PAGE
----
Also be aware that your stated objective of "all types of hardware is what I want to target" is completely unrealistic.  You're still occasionally going to find people out there with cruddy old GeForce 4 MXs, for example, and wanting to include those is just going to unreasonably constrain your own work (no pixel shaders, two texture stages).  It's perfectly reasonable to set a lower-bound below which you will not go, and nowadays good lower-bounds seem to be D3D9/SM3 (low-end/old hardware), D3D10 (low/mid) or D3D11 (mid/high).


Answers like yours are an asset to us all. Thumbs up.

#6 noodleBowl   Members   -  Reputation: 235

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Posted 07 October 2013 - 09:53 PM

The key deciding factor here should be: do you want to run on Windows XP?

 

Feeding into that is: do you actually need to run on Windows XP, and nobody but yourself can answer that; you really need to profile your target audience, gain an understanding of what kind of OS and hardware they have, what kind they're likely to have when you actually release, and are you prepared to lose whatever percentage are still on XP (if that percentage is low enough it can be a reasonable trade-off).

 

Assuming that you don't need to run on XP, no, you don't have write everything twice.  The same D3D11 API can target D3D9 class hardware, but with a reduced feature set.  Commonly what you'll do is either write to the lowest-common-denominator (which you'd be doing if using 9 anyway) or write alternative render paths for some of your stuff, such as a high-quality path (for D3D10/11 hardware) and a low-quality path (for D3D9 hardware).  But the basics - loading textures, creating buffers, issuing draw calls - remains the same in both cases.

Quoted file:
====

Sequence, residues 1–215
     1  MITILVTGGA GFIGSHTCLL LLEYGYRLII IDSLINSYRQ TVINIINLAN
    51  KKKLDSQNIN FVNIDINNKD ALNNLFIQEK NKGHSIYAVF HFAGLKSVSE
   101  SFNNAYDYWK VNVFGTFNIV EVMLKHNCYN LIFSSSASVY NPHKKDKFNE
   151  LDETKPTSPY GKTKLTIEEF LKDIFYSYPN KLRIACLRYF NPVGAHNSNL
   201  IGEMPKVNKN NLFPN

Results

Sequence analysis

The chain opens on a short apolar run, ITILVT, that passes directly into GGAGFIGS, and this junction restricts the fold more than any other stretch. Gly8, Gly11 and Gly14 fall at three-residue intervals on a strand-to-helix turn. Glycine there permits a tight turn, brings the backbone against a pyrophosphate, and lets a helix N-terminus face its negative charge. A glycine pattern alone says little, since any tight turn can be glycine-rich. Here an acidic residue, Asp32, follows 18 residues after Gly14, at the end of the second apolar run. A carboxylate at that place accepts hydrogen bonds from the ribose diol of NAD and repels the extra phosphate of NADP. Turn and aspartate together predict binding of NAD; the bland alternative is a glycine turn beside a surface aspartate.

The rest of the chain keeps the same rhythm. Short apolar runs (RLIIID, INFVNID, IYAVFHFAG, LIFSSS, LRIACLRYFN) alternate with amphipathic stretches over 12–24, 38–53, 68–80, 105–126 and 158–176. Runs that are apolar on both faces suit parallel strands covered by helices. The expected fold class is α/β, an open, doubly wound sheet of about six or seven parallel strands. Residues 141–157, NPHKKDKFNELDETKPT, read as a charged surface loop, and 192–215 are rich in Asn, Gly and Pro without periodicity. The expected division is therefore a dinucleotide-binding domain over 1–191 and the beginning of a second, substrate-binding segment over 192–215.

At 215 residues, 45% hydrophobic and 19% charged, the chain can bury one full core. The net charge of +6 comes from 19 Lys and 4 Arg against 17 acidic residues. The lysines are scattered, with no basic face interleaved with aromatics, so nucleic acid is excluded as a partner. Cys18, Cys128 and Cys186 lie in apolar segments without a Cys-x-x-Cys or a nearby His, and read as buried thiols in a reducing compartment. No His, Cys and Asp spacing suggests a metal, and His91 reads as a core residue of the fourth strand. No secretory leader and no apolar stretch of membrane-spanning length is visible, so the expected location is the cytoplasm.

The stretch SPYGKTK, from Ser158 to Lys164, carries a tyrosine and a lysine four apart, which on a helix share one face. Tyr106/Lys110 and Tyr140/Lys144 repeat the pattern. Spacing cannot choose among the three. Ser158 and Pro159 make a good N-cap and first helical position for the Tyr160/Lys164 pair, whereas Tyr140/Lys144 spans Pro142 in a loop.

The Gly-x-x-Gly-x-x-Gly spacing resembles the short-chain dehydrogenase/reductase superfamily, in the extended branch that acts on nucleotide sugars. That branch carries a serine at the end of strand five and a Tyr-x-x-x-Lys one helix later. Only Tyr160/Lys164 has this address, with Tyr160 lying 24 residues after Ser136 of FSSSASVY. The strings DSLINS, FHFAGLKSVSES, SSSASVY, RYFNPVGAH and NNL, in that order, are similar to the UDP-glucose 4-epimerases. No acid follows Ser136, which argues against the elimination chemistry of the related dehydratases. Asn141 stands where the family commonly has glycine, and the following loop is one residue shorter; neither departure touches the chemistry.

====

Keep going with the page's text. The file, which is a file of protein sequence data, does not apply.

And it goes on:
Be aware that D3D11's feature level 9 only goes up to shader model 2 - that's a good deal more restrictive than what you'd get if using D3D9 itself, so that may also tilt your decision.

 

Also be aware that your stated objective of "all types of hardware is what I want to target" is completely unrealistic.  You're still occasionally going to find people out there with cruddy old GeForce 4 MXs, for example, and wanting to include those is just going to unreasonably constrain your own work (no pixel shaders, two texture stages).  It's perfectly reasonable to set a lower-bound below which you will not go, and nowadays good lower-bounds seem to be D3D9/SM3 (low-end/old hardware), D3D10 (low/mid) or D3D11 (mid/high).

 

This was a perfect explanation. Thank you!